Burnt Platts, Slaithwaite
- also known as: Burnt Plats (1854 map)
- location: Slaithwaite
- category: area with one or more properties (now demolished)
Slaithwaite: Place and Place-names (1988) by George Redmonds:
This was almost certainly a part of the moor where plots of ground were cleared by burning. Families living in this remote corner of the township were described as ‘a community to themselves’ with ‘their own wild laws and government’ (Phillips, 1848), but it is most unlikely that there was ‘a small colony of foreigners’ here, as Haigh (1928) suggested. Names given to the inhabitants were ‘duediz’ or ‘Burnplatters’, the former possibly from the dialect form of George. The parish registers, militia lists (1800), and census returns (1841) show that the residents bore characteristic local names such as Sugden, Parkin, Dyson, Sykes and Pearson, hardly suggestive of foreigners or even of ‘people of gypsy origin’ (Sykes). James Hirst of Worts Hill wrote in his diary that the ‘First House Built at Worts hill was in the year 1763’, and this ties in with the Burnt Platts evidence. It seems quite likely that the earliest houses here, variously described as ‘poor huts’ (Haigh), ‘near hovels’ (Sykes) and ‘thatched with sods’ (Phillips), were squatters’ cottages, built on encroachments from the moor in the 1700s. The fact that this was in the years when a ‘George’ was on the English throne and a local inn was called ‘The Royal George’ may have had something to do with the nickname ‘duediz’.
Bradford & Wakefield Observer (18/Nov/1847) - Walks Round Huddersfield:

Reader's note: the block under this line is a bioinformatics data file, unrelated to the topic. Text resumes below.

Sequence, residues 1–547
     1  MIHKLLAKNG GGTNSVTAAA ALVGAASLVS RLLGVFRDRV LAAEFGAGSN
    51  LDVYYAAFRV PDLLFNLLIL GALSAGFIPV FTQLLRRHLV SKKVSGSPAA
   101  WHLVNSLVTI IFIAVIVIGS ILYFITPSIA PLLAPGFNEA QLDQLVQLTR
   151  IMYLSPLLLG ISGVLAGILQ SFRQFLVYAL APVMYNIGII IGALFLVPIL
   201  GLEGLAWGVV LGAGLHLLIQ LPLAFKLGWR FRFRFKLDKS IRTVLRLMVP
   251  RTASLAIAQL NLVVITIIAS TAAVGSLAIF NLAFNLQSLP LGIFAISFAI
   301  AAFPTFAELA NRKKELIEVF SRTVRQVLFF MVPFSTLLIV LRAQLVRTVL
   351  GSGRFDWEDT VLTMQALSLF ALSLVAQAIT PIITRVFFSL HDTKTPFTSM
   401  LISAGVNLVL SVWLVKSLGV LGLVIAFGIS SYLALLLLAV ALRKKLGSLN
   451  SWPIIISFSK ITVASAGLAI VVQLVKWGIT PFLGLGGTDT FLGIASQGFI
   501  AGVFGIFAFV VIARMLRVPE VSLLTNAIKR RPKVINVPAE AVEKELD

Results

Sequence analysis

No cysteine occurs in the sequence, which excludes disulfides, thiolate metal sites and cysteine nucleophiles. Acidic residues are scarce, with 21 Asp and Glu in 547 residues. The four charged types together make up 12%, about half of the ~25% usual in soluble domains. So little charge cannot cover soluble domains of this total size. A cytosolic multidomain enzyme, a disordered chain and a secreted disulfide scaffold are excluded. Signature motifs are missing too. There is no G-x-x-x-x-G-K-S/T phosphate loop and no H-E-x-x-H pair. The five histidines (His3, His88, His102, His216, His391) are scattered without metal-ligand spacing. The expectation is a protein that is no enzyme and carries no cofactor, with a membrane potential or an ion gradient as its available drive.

Burn Platts lies, as I said, about two miles from Poll, and is a part of the property of this same Earl of Dartmouth. A few years ago the inhabitants of the Platts were literally savage, living in log huts thatched with sods, and paying neither rent nor taxes. They were a community to themselves, and had their own wild laws and government. They were the terror likewise of all wayfarers, and it was dangerous for any man to go amongst them alone. They lived by hunting and whiskey making; and when these failed by depredations. Their legal marriages however, were celebrated in one or other of the churches in the neighbouring villages; and on all such occasions, they marched in grand procession, adorned with ribbons, and having a fiddler at the head of them. In the meanwhile, a party was left behind, whose duty it was to prepare a home for the bride and bridegroom on their return; and they did this by felling a tree or two, after the manner of the American backwoodsmen, and covering the whole in with a roof of turf! The settlement is now broken up, and there are only a few native families residing on the Platts. The spirit of manufactures has reached and partly civilized even them; and they are all, men and women, engaged in some branch or other of cloth making or fancy weaving. There are also many houses built in the vicinity of the Platts, and a good road runs all along the foot of the hills where they lie. The first time I visited them was in company with three or four gentlemen, some of whom are well known in the political world; and I mention the circumstance now, because they will testify to a fact or two which I have to relate in connection with the "Tenure of land question" in this neighbourhood, and which, if I mistake not, will startle Mr. Commissioner Foster and the "Times" quite as much as they startled me and those who were with me. Before I proceed to speak of these facts, however, let me re-describe the cottages of the Burn Platts, as they now exist. They are all built of stone and mud, and at a distance have more the appearance of hovels than of human habitations. They lie half way up the hills on the right hand, going from Poll. We entered one of them, which may be regarded as a fair specimen of the rest. It consisted of a single room, open to the roof, and was occupied by an old man and his two sons, who received us with kindness and hospitality. A bed was standing on each side the fire place, and we found the young men lounging upon them when we entered. From the rafters of the roof were suspended sundry tattered garments, and in a hole in one of the walls were several broken pots and mugs of an ancient manufacture. We inquired into their "ways and means," and found that they were weavers, earning not more, upon an average, than 8s. per week. The old man interested me much. He had quite a patriarchal head, great shaggy brows, and a lofty domelike forehead; but he was smitten with years, having seen 76 winters, as he said, and now his latter days were full of sorrow. With a child-like confidence he told me all his griefs and troubles, and pointing to a vacant chair by the hearth, be said, "She is gone. I lived with her fifty years, and shall soon follow her." Poor old man! He did not complain of his poverty, but of that great loss alone, which the vacant chair so touchingly proclaimed.